Like many other conditions, prevention is key. If you see your cat putting on unhealthy weight, discuss options with your veterinarian. A diet change may be recommended, or the answer could be as simple as increasing your cat's activity level. It is important to seek the advice of your veterinarian before placing your cat on any type of restrictive diet.
Exercise is essential for any cat to keep them healthy and reduce their risk of feline obesity. Your cat should be getting at least 60 to 90 minutes of exercise a day, through play and the use of toys that gets them to run, jump and use up their energy to combat the onset of feline obesity. Entice your cat to exercise by introducing new toys often, or getting down on the floor and playing with them daily.
Try making some fun and new homemade cat toys to keep them entertained and make up new games. Playing with your cat daily will help to build muscle and keep those extra pounds away. To find out how to make some fun easy to make homemade cat toys read Easy To Make Safe Homemade Cat Toys.
Feeding Premium, High-Protein Diet
A poor diet that consists of cheap low quality cat food can easily lead to feline obesity. Although low quality cat food hurts your wallet less than premium cat food, It is high in carbohydrates, full of fillers and may be detrimental to your cat's health.To find out more on how to choose the healthiest dry food for your cat read Dry Cat Food: How To Choose The Healthiest One For Your Feline Friend.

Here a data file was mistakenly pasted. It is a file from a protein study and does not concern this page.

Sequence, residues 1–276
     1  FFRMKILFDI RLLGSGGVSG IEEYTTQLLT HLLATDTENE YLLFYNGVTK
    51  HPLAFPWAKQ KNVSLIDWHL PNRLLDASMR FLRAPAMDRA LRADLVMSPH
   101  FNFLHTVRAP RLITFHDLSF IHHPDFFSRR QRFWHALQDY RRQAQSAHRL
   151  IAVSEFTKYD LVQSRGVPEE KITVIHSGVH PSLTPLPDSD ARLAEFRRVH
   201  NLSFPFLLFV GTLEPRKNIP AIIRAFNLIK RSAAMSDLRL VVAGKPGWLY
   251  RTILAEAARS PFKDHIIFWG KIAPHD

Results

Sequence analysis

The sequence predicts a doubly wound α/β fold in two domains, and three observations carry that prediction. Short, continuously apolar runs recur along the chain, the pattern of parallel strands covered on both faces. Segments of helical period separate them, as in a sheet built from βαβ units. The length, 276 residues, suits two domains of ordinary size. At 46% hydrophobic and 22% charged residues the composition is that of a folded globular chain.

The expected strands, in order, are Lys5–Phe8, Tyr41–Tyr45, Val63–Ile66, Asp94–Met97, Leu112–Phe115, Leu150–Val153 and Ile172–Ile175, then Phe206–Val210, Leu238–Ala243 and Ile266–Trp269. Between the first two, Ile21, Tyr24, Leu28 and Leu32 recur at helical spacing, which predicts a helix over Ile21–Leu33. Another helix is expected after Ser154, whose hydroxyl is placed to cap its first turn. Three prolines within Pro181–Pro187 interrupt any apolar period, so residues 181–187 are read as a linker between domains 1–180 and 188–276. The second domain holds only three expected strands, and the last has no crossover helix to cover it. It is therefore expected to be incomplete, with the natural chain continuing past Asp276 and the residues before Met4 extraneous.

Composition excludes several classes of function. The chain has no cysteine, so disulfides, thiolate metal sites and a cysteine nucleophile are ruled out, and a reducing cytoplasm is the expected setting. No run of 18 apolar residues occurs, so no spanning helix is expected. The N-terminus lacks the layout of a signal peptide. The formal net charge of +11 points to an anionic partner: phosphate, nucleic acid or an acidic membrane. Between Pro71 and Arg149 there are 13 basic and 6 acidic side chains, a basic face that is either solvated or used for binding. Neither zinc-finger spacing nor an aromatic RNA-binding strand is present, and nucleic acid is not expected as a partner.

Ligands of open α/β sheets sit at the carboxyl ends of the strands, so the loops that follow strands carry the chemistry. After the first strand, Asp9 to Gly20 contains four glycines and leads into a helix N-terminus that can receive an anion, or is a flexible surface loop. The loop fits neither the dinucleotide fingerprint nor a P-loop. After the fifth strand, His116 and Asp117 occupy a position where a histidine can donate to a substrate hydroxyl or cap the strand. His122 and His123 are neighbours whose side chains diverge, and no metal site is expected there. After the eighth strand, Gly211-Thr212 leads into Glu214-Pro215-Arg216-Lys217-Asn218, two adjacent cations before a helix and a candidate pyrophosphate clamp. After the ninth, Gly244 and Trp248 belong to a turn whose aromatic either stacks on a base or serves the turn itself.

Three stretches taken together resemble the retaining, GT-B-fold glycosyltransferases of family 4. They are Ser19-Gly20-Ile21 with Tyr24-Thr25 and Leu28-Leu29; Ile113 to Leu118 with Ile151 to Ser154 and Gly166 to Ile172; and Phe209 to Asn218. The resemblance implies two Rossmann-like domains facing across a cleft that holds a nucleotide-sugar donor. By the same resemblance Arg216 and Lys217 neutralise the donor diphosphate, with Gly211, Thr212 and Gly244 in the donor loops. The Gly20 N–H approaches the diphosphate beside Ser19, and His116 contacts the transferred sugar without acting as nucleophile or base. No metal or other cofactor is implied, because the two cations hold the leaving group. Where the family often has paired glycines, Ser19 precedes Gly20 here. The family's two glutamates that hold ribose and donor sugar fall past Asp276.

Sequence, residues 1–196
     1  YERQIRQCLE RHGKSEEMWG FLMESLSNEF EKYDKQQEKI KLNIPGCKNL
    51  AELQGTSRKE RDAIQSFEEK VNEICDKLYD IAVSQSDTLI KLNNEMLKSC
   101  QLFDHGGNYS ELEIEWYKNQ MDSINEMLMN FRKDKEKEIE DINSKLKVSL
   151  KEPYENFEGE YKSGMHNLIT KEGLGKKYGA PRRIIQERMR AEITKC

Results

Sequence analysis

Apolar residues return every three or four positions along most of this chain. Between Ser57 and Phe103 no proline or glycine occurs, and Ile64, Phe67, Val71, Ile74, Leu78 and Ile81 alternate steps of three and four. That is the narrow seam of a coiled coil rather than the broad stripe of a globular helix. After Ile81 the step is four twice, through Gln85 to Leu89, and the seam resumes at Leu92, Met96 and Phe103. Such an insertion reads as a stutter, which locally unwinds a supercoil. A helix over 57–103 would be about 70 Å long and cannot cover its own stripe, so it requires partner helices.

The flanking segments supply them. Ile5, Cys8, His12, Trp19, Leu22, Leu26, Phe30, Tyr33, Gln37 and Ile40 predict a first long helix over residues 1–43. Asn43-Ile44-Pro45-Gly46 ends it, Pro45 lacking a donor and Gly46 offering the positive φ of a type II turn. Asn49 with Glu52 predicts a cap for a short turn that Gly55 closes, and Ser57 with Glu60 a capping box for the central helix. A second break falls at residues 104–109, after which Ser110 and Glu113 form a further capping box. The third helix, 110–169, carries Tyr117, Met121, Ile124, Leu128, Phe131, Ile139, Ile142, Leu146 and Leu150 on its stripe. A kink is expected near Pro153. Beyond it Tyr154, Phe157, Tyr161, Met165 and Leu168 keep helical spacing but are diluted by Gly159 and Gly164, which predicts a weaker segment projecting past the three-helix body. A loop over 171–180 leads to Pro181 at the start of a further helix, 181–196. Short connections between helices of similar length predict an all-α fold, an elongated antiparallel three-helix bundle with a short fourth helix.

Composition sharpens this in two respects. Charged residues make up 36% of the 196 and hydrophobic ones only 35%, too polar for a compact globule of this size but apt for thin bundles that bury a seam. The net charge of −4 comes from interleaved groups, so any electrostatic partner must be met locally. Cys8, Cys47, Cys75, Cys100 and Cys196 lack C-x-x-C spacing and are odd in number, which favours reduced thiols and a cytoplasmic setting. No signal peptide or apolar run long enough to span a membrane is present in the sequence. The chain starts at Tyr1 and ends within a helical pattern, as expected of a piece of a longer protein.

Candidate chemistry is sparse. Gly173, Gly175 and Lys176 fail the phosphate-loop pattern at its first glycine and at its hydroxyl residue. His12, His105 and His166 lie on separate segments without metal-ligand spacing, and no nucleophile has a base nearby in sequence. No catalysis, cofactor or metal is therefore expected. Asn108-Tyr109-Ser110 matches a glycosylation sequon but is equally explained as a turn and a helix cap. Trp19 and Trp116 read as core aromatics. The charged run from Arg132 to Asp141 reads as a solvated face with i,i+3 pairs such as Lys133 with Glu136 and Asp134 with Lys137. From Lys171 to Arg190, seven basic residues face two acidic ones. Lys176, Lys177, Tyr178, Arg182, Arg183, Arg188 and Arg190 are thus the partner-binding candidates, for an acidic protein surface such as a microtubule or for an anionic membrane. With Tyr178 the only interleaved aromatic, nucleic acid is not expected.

Cats are carnivores, when they are given low quality food that doesn't have the quantity or quality of protein they need to feel satisfied, they overeat. The best diet for your cat is a grain-free, premium high protein cat food that provides with all the energy and vitamins they need so that they are ready to run, jump and play.
Set Specific Meal Times
It's important to have meal times for your cats. Even when our cats were kittens we established set meal times, four times per day. We would leave a small amount of grain free premium hard food out for them to nibble on, but they rarely ate it and were always ready for their meals.
Some cats are nibblers, especially kittens, and may not eat much in one feeding, so they may require an extra meal or two. Free feeding can sometimes lead to weight gain, especially if your cat is eating low quality hard food all day, that is a recipe for an increase in extra pounds which can eventually cause feline obesity.
Depending on your work schedule, feeding your cat a meal before work, after work and before bed, and leaving a small amount of healthy premium cat food our for your cat to nibble on meanwhile your at work, is a healthy way to establish set meal times. Try to feed your cat at the same time every day,cats are animals who love routine and consistency, once you get your cat on set meal times, they will be the ones that arrive first in the kitchen waiting for you.
Every cat loves treats; they will literally jump over every chair running as fast as they can once they hear that bag shaking or smell their favourite treat. Although treats can be a nice way to reward your cat it's important to feed your cat healthy treats in limited amounts.
Healthy treats are treats that are not filled with fillers but offer nutrients and vitamins meanwhile still being a snack your cat loves. Freeze dried treats are a great example, they are simple protein that have been frozen, no fillers added. To find out more about how to choose a healthy cat treat read How To Choose Healthy Cat Treats.
However, even with healthy snacks it should only be given as an occasional treat, calories easily add up when cats are eating their regular meals plus additional snacks and can seaily lead to feline obesity.
Keeping your cat at a healthy weight requires a combination of premium high protein cat food, annual checkups to make sure your cat is healthy and daily exercise through play.